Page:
Genre film lost one of its most influential forces last week when author and screenwriter Richard Matheson passed away. Whether writing originally for the screen, as with the STAR TREK episode, “The Enemy Within,” adapting his own work, which he did for such classic TWILIGHT ZONE episodes as “Nightmare at 20,000 Feet” and the archetypal 50’s horror film THE INCREDIBLE SHRINKING MAN, or adapting others, including bringing Fritz Leiber’s Conjure Wife to the screen as BURN WITCH BURN (a.k.a. NIGHT OF THE EAGLE), Matheson was able to embue his scripts with a contemporary outlook and an incisive inquest into the human condition that helped define genre film for the latter half of the twentieth century, and on into the twenty-first.
Cinefantastique Online’s Steve Biodrowski, Lawrence French, and Dan Persons sit down to discuss Matheson’s contribution to the world of science fiction, fantasy, and horror, weigh his overall influence on popular cinema, and discuss favorite examples of his work. Also in this show: Steve and Dan discuss the recent limited releases BYZANTIUM and 100 BLOODY ACRES. Plus: What’s coming to theaters next week.
Ever since WHITE ZOMBIE (1932) introduced movie audiences to the classic image of the zombie (a mindless revived corpse, directed by a Voodoo houngan [priest]), the restless dead have been shambling across the silver screen in various shapes and sizes, eventually throwing off the shackles of their masters and developing strange new appetites (first for human flesh, then for brains). Here is a representative sample.
WHITE ZOMBIE (1932): Murder Legendre (Bela Lugosi, left) directs his mindless minions. The corpses have no will of their own; the film’s true monster is their master.
REVOLT OF THE ZOMBIES (1936): This week follow-up to WHITE ZOMBIE posits the idea of an unstoppable undead army in WWI – offering the first suggestion of zombies as a worldwide threat.
THE GHOST BREAKERS (1940): This is probably the first zombie film to mix horror and comedy. Although the zombie (Noble Johnson) is revealed to be a fake planted to scare away Bob Hope and Paulette Goddard, his scenes are played for scares more than laughs.
KING OF THE ZOMBIES (1941): Comic actor Mantan Moreland gets some laughs from his reaction to traditional-looking zombies, who turn out to be under the direction of a Nazi scientist.
I WALKED WITH A ZOMBIE (1943): Darby Jones as the zombie Carrefour, in the classic produced by Val Lewton. The Voodoo element is strongly represented here. Directed by Jacques Tourneur, this is probably the greatest film every made using the traditional zombie theme.
ZOMBIES OF MORA TAU (1957): This low-budget effort is memorably only for the novel concept of water-logged zombies guarding a sunken treasure.
NIGHT OF THE LIVING DEAD (1968): Though the word “zombie” is never mentioned, George A. Romero’s film changed the genre forever, reinventing the walking dead as cannibal corpses, driven by instinct to consume the living. Romero wrote but did not direct the 1990 color remake – a worthwhile film, but not classic.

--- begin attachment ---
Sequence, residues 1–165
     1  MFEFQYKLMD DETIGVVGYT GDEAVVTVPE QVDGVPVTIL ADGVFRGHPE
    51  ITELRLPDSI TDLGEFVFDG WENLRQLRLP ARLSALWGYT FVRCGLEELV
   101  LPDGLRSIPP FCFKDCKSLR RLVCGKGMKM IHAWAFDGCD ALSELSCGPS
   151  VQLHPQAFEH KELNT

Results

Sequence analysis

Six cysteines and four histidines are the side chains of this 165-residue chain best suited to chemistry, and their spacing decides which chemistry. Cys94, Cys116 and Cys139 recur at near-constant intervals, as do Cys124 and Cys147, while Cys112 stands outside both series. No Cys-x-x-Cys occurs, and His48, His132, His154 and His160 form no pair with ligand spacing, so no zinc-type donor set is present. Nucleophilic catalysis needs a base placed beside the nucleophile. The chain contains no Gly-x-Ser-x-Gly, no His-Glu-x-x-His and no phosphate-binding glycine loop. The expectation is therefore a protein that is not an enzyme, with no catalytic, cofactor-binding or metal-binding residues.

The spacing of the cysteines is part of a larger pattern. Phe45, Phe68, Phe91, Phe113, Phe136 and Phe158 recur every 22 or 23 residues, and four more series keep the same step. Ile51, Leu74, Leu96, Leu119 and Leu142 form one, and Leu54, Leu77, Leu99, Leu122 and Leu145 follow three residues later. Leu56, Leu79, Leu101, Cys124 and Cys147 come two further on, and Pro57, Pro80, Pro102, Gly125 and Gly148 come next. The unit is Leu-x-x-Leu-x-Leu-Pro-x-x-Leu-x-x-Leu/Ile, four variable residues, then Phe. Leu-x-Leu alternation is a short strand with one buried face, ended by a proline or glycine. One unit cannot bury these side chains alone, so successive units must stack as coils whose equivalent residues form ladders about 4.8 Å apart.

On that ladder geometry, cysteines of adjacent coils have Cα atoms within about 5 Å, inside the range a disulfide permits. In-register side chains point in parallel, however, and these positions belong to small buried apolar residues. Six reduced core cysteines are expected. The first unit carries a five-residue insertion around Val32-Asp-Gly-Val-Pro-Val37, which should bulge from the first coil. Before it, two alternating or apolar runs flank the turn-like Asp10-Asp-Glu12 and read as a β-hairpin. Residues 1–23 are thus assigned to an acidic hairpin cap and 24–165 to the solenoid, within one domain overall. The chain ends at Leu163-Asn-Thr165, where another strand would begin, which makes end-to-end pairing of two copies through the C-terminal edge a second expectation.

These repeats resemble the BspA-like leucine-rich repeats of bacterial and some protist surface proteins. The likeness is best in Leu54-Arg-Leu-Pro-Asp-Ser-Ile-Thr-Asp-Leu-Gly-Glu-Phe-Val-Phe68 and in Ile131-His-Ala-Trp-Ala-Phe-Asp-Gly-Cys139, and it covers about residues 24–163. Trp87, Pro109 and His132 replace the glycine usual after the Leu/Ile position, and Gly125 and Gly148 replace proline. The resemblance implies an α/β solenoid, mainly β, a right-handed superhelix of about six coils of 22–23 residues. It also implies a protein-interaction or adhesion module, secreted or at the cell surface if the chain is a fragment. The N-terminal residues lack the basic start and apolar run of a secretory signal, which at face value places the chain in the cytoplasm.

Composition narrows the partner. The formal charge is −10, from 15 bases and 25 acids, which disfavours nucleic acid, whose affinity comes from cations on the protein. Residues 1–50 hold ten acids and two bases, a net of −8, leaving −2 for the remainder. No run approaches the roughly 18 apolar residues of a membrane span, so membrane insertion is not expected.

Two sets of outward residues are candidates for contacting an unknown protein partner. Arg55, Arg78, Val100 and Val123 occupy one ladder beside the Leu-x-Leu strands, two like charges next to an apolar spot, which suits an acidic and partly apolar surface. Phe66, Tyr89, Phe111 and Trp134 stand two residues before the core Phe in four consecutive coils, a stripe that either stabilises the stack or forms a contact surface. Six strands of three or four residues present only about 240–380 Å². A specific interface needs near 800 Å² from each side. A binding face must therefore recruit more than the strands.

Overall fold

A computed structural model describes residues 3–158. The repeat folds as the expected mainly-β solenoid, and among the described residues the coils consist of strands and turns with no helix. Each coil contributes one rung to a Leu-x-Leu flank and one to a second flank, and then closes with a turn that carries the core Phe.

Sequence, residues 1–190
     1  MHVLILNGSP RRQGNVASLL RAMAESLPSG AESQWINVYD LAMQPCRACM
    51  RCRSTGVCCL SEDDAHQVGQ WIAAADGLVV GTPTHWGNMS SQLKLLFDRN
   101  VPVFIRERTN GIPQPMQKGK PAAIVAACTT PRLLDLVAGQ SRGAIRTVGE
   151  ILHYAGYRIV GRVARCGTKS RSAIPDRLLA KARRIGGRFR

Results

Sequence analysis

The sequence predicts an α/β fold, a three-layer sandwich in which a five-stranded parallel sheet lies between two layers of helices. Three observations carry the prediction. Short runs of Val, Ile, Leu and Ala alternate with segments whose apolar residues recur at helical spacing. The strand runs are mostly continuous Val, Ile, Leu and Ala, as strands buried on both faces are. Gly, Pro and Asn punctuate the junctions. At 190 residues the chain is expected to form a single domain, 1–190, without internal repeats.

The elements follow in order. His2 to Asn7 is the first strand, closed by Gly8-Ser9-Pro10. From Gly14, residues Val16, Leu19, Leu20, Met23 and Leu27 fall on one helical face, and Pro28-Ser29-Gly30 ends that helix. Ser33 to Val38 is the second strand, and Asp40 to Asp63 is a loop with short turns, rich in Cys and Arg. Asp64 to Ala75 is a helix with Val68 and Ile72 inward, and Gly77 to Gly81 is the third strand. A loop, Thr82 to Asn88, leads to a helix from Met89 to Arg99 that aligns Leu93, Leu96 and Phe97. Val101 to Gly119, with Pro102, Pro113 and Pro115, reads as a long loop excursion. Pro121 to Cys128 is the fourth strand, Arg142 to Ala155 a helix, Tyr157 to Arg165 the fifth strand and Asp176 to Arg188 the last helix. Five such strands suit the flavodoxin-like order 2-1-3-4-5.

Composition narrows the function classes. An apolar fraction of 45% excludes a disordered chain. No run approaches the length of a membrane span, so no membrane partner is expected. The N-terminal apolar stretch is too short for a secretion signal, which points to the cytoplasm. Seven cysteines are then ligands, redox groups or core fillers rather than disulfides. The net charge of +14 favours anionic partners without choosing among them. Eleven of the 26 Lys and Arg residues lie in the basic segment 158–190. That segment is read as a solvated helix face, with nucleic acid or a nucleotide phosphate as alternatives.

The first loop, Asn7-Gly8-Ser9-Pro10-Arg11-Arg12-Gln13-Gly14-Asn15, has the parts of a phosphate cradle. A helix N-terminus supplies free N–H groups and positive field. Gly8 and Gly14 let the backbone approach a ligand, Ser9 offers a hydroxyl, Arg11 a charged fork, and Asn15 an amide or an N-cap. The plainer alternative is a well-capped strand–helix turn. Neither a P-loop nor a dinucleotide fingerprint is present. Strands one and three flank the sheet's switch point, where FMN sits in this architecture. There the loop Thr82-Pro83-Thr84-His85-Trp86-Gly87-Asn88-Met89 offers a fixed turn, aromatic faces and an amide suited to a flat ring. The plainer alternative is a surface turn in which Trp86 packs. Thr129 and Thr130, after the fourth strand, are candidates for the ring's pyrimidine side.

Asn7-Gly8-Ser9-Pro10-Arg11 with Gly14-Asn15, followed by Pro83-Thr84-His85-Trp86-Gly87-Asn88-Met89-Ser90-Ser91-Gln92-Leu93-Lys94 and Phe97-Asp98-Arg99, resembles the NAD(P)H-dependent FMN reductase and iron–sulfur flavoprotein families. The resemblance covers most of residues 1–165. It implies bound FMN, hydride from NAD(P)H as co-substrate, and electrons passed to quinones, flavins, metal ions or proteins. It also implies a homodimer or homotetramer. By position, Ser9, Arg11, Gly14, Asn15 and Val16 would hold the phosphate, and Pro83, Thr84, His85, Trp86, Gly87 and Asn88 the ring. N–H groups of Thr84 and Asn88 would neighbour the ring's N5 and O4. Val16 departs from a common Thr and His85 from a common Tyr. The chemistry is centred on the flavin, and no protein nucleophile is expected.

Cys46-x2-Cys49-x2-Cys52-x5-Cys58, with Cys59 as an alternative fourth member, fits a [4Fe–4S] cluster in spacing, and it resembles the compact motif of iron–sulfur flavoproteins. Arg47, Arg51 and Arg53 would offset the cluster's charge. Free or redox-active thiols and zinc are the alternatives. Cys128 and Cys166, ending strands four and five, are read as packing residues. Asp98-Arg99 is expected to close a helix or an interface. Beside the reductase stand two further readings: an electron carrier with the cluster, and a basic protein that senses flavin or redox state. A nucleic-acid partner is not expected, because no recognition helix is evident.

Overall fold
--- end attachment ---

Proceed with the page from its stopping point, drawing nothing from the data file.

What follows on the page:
TOMBS OF THE BLIND DEAD (1971): Amando de Ossorio’s film introduced the zombie-like Knights Templar, who would return in three sequels. Despite their desiccated appearance, the Templars were more of an undead cult than mindless corpses.
LET SLEEPING CORPSES LIE (a.k.a., THE LIVING DEAD AT MANCHESTER MORGUE, 1974): This Spanish film, obviously inspired by NIGHT OF THE LIVING DEAD, is the first to show zombie cannibal carnage in color.
DAWN OF THE DEAD (1978): George A. Romero’s sequel to NIGHT OF THE LIVING DEAD offers cinema’s first vision of the zombie apocalypse, which plays out in the microcosm of a shopping mall. Tom Savini’s graphic makeup effects, including exploding heads and disemboweled intestines, set the standard for all zombie films to follow.
ZOMBIE (a.k.a., ZOMBIE 2, 1979): Directed by Lucio Fulci, this Italian film combines the graphic splatter approach of DAWN OF THE DEAD with the zombies’ more traditional roots in Voodoo. The result, presented as an ersatz sequel to DAWN OF THE DEAD (which was released as ZOMBIE in Europe) launched an army of Italian zombie gorefests.
THE BEYOND (1981): Director Lucio Fulci offers two kinds of living dead: corporeal walking corpses and a more magical variety, able to appear and disappear at will.
THE EVIL DEAD (1981): Sam Raimi’s sleeper hit features human bodies possessed and sometimes resurrected by evil spirits. The grim, low-budget intensity echoes THE TEXAS CHAINSAW MASSACRE. The 2013 remake emphasized the possession angle, so that there were few if any walking corpses on screen.
RETURN OF THE LIVING DEAD (1985): Dan O’Bannon’s black-comedy pseudo-sequel to NIGHT OF THE LIVING DEAD re-imagines zombies as unkillable brain-eaters.
RE-ANIMATOR (1985): Stuart Gordon’s unrated gore film offered a more energetic species of living dead, resurrected by Herbert West (Jeffrey Combs)’ formula.
DAY OF THE DEAD (1985): Romero’s third living dead film presents us with the world’s first “domesticated” zombie, Bub (Sherman Howard), capable of some primitive human thought. Romero would continue to explore the zombie apocalypse in LAND OF THE DEAD, DIARY OF THE DEAD, and SURVIVAL OF THE DEAD.
EVIL DEAD 2 (1987): Sam Raimi’s sequel to THE EVIL DEAD (1981) pushes the unrated gore to comic levels.
THE SERPENT AND THE RAINBOW (1988): Wes Craven’s film, based on a non-fiction book, returned zombies to their West Indies roots, suggesting a realistic explanation: drugs to induce mindless catatonia.
BRAINDEAD (a.k.a. “Dead Alive,” 1992): A pre-Tolkein Peter Jackson tries to outdo Sam Raimi in the gleeful gore department, and almost succeeds.